Read W.S. Graham a while, and one begins to notice the spaces between the words. Read Graham a while longer and the spaces widen, and the wide white margins become a different kind of border. Oceans of silence surround these poems, many of them written at the seaside, as if the poems were seines for meaning and feeling, and silence might pour through the spaces and submerge or subsume the caught meaning. Whether they have ideas in them or not, words can be knocked together, or braided, or knotted; they can leave an impression like breathed-on glass or a slap in the face. Silence is their medium, is what they press against (or what they are hurled or furled or hoisted against). Graham posed his ambition for each poem as a question: “Does it disturb the language?” The more telling or cutting question, which we are prompted to ask about too few poets but naturally arises when reading Graham, is: Does it sharpen the silence?
In “The Tragic Sense of Frank Bidart,” her review of Half-Light: Collected Poems 1965-2016, Helen Vendler claims, “Bidart’s last words to the reader define his aesthetic: ‘The aim, throughout, has been not chronology, but a kind of topography of the life we share—in chaos, an inevitable physiognomy.’”1  As she had been considering the title poem I wondered what “last words” she referred to, since these are not the last words of the poem “Half-Light” but the last words of Bidart’s Note on the Text. And while these may be the “last words” of the “Text,” the last words of the book’s matter—not counting the index—also sound like the definition of an aesthetic: “Whatever it takes to get the whole soul into a poem. An emphasis on voice isn’t fashionable in contemporary practice. I hope my poems make people reconsider that.”  These are the “last words” of Bidart’s interview with Shara Lessley, first published on the National Book Foundation website in October 2013.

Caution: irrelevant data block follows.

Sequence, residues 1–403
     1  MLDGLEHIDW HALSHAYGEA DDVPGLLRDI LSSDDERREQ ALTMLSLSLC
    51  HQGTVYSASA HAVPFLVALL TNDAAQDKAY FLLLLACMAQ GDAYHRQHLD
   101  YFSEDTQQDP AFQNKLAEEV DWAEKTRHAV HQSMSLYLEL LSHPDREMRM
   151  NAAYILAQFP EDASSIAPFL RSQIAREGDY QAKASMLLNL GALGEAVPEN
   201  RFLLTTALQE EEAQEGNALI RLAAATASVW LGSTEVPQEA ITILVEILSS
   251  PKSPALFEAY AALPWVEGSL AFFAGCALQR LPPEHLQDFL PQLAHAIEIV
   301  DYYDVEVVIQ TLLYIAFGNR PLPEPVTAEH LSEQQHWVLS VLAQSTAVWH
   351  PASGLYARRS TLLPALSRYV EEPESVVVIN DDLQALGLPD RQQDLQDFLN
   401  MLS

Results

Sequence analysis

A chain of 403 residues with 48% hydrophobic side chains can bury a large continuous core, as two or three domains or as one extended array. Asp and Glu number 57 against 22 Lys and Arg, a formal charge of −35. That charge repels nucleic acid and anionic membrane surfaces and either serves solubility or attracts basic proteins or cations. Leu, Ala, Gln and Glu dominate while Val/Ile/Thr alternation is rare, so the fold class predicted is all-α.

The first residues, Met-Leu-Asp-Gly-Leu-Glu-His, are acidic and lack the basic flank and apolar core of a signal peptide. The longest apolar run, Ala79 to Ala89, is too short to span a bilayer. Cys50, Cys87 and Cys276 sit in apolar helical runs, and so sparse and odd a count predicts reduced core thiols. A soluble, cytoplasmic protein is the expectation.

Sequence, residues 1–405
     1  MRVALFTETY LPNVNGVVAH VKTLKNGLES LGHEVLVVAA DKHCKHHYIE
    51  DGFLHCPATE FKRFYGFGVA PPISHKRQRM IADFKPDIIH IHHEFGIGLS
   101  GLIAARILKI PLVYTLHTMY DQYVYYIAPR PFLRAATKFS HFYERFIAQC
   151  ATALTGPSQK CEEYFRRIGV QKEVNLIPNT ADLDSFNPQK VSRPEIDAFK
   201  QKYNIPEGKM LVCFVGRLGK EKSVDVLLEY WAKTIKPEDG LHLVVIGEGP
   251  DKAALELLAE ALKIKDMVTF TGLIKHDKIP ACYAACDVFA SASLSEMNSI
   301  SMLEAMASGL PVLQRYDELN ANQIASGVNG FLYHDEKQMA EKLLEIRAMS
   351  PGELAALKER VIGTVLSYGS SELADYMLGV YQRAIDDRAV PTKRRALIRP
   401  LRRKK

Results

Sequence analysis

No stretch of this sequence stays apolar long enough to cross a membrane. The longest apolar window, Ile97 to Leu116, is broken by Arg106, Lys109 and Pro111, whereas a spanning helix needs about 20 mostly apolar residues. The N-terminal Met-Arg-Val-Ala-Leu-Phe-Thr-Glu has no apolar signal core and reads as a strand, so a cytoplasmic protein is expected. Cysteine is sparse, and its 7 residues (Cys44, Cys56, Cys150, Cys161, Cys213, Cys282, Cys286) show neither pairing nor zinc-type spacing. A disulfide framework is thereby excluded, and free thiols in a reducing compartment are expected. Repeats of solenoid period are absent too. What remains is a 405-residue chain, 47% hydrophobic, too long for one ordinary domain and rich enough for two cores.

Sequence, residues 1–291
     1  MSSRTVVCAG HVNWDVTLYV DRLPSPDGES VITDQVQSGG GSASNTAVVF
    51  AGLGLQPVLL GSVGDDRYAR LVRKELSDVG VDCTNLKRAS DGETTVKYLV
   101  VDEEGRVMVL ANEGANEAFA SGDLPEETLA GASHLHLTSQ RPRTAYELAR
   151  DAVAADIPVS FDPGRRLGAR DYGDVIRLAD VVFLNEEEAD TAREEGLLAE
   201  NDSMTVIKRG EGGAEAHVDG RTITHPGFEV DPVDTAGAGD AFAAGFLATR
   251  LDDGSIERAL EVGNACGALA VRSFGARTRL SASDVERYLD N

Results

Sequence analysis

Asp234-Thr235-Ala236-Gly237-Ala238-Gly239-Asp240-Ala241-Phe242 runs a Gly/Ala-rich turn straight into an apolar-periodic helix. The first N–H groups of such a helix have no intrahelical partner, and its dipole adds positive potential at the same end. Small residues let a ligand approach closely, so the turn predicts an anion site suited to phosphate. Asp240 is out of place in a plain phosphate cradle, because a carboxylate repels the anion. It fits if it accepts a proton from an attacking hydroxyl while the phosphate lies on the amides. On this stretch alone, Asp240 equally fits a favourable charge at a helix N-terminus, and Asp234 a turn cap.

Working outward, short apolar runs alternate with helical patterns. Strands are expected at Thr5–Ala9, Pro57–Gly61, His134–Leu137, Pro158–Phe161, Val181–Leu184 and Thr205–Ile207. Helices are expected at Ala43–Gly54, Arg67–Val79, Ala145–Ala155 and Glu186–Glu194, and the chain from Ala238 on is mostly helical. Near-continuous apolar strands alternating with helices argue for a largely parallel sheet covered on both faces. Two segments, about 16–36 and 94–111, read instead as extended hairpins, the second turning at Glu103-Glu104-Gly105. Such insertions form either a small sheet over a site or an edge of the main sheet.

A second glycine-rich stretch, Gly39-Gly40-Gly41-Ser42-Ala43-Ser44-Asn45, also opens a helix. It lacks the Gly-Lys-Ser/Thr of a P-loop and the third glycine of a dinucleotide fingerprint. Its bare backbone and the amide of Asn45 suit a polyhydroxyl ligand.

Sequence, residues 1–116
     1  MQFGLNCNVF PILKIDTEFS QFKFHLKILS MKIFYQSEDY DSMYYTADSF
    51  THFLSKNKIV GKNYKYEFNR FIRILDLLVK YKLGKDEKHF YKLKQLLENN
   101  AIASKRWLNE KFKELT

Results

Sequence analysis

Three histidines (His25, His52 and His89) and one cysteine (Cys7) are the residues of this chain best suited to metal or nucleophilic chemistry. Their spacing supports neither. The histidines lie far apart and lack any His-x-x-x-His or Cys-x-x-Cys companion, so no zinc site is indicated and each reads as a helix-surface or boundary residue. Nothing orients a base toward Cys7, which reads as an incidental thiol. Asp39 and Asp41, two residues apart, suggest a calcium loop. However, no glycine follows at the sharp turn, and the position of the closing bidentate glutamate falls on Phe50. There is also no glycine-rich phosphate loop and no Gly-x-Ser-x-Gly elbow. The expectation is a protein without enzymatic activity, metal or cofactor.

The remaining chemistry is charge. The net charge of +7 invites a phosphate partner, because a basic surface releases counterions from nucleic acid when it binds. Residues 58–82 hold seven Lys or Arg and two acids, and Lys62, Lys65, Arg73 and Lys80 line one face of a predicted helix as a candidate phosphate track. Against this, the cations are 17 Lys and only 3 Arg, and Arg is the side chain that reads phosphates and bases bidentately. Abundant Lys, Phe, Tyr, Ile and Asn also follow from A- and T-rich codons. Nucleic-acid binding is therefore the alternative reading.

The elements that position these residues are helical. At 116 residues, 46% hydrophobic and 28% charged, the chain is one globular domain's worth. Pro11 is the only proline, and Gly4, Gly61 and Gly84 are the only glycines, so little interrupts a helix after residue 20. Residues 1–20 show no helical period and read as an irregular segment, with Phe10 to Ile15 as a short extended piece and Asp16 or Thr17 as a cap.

New York Review Books, 2018, $15.95
The 5th meeting of the Chicago chapter of the ALSCW was the occasion for a reading by the poet Doug (D.A.) Powell, whose initials emphatically do not belong after his name. Powell, the author of five collections, is a law of one. His work has received many honors, including the Kingsley Tufts Poetry Award and, for Useless Landscape or A Guide for Boys (2012), his latest, the National Book Critics Circle Award.